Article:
Scientist by day, chainsaw carver by night (or at least when he gets the time), Dave Roberts has a passion for turning wood into incredible artwork – and he’s carved out quite the reputation for himself in doing so. 

DAVE Roberts set out to turn people’s dreams for a carving into a reality. For him, carving started as a hobby. Dave, by his own admission, ‘showed no aptitude for art at school’, but a desire to ‘sculpt’. In fact, he pursued a career in scientific research and still works in that field today, but more than a decade ago he started chainsaw carving.

Carving has become a passion for him, fulfilling orders in his spare time for clients, while also taking part in competitions in the UK and the USA.

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Although Dave is based in Stonehaven, north-east Scotland, he is a Welshman. From an early age, he had a love of the outdoors and a fascination with questioning things; ‘why’ being a word he was known to use a lot. This inquisitive nature is perhaps why he ended up working in the scientific world. Having been dismissed at school as someone who would not do well academically, he left and headed to London to study for an HND in Applied Biology, having decided that he wanted to be a lab technician.

“Suddenly I was interested, I was moving away from the strict regime of school to a place where I could ask questions and study things that I was interested in. I went from a student who barely scraped by to getting distinctions. My father pushed me to go further and so I enrolled at King’s College London to do a BSc in Biotechnology. They offered a place directly into the second year based on my grades, which meant I could complete in just two years. I loved it; I started to focus on molecular biology, focusing even more on DNA. It just ‘worked’ for me and I went on to complete a PhD in molecular biology and DNA fingerprinting.”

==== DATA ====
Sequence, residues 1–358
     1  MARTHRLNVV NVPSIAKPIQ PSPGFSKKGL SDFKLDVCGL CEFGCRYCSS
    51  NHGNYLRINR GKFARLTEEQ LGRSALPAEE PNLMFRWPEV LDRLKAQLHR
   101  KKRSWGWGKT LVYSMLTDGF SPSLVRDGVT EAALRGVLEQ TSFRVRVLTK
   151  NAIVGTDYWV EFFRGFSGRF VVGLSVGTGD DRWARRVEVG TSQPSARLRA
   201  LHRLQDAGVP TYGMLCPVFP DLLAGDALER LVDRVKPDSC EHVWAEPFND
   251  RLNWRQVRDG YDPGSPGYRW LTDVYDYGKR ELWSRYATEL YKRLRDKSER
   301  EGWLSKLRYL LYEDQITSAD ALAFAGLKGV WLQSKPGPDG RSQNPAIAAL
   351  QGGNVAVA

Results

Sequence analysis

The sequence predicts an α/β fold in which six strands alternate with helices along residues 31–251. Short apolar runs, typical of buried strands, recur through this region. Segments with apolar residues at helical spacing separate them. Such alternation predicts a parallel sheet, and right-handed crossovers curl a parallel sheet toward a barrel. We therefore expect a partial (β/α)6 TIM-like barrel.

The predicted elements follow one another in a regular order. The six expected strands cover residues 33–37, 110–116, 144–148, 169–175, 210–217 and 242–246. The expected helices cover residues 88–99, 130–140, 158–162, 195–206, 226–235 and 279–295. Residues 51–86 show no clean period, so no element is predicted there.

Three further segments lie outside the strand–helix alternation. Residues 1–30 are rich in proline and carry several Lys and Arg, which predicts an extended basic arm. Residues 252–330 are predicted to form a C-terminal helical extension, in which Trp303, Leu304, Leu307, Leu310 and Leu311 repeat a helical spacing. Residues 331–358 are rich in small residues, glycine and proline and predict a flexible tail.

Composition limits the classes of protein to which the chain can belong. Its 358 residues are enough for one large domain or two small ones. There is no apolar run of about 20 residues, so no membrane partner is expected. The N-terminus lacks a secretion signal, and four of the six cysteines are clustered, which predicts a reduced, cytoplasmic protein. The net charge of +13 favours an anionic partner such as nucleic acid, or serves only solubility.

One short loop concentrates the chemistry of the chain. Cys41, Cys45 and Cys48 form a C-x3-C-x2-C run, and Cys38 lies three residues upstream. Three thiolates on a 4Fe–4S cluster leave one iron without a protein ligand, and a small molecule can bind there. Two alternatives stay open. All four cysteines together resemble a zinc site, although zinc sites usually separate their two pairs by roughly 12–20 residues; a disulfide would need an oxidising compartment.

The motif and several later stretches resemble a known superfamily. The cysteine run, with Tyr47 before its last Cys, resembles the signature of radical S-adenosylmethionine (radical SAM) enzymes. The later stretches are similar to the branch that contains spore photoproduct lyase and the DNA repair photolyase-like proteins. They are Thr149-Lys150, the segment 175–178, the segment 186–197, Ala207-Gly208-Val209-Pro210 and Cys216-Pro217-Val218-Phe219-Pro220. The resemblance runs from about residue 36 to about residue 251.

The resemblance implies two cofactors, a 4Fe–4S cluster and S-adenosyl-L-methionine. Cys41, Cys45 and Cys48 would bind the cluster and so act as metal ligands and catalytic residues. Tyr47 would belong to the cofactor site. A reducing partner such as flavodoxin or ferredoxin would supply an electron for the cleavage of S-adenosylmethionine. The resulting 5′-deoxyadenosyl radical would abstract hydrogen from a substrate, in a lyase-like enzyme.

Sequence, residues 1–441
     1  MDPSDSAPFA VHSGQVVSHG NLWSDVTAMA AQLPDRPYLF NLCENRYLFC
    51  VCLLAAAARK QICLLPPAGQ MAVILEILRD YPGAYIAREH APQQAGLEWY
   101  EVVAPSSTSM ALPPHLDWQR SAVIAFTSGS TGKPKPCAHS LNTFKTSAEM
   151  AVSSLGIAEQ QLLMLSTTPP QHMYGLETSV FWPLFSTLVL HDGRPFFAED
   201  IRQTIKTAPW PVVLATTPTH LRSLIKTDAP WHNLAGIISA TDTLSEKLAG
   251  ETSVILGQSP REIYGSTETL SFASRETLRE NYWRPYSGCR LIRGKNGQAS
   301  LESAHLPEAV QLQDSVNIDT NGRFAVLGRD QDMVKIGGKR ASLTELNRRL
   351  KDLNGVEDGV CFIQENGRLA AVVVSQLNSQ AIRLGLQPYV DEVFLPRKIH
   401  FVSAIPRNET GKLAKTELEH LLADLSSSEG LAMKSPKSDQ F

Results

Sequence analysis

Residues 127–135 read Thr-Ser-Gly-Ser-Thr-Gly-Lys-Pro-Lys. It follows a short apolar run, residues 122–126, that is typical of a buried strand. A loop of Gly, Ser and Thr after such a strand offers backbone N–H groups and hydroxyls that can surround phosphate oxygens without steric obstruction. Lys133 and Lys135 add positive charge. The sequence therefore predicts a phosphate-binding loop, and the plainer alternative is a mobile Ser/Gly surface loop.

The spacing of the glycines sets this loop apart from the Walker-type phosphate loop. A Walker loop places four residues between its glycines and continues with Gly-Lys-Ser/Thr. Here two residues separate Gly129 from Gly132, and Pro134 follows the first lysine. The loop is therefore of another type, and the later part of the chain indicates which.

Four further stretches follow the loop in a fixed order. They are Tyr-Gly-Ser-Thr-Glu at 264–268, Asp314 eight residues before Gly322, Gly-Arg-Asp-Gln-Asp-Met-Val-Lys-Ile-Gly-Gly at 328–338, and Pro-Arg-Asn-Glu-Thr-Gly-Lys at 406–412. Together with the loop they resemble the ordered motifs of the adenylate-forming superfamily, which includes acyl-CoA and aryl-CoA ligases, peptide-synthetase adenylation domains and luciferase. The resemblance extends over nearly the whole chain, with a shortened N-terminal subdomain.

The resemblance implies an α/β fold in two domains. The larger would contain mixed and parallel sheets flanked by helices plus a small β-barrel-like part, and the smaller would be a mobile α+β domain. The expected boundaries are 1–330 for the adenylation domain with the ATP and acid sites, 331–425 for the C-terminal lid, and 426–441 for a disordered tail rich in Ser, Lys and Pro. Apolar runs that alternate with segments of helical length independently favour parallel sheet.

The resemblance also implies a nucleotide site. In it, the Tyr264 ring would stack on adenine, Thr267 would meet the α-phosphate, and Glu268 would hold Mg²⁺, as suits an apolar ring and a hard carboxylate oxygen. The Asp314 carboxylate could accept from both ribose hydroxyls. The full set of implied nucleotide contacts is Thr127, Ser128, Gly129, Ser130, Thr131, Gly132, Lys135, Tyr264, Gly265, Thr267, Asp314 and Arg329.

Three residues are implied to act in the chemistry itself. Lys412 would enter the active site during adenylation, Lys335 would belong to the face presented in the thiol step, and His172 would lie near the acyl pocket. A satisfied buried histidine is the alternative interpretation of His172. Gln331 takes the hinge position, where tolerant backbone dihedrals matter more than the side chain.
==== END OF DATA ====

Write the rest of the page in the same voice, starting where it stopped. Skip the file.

Dave has been involved in working on human disease detection using DNA fingerprinting techniques, has studied the pathogenic E.coli O157 and its relatives, and has been involved in developing DNA-based diagnostics for plant-disease detection and for environmental monitoring. He now works at a research centre south of Dundee, focused on assessing and monitoring soil health with a big focus on agricultural soils but also some forestry work. Dave is a full-time research scientist and a part-time carver.

Forestry Journal:

Dave’s childhood lack of artistic aptitude has not stopped him becoming a talented chainsaw carver, even if he still cannot draw particularly well. However, unlike like many carvers, who sketch out designs before firing up the saw, Dave has to visualise the 3D image of what he wants to carve and hold it in his head, aided by walking around the log. He admits it is sometimes a problem when clients ask him to sketch out his plans, but he just has to ask them to trust him.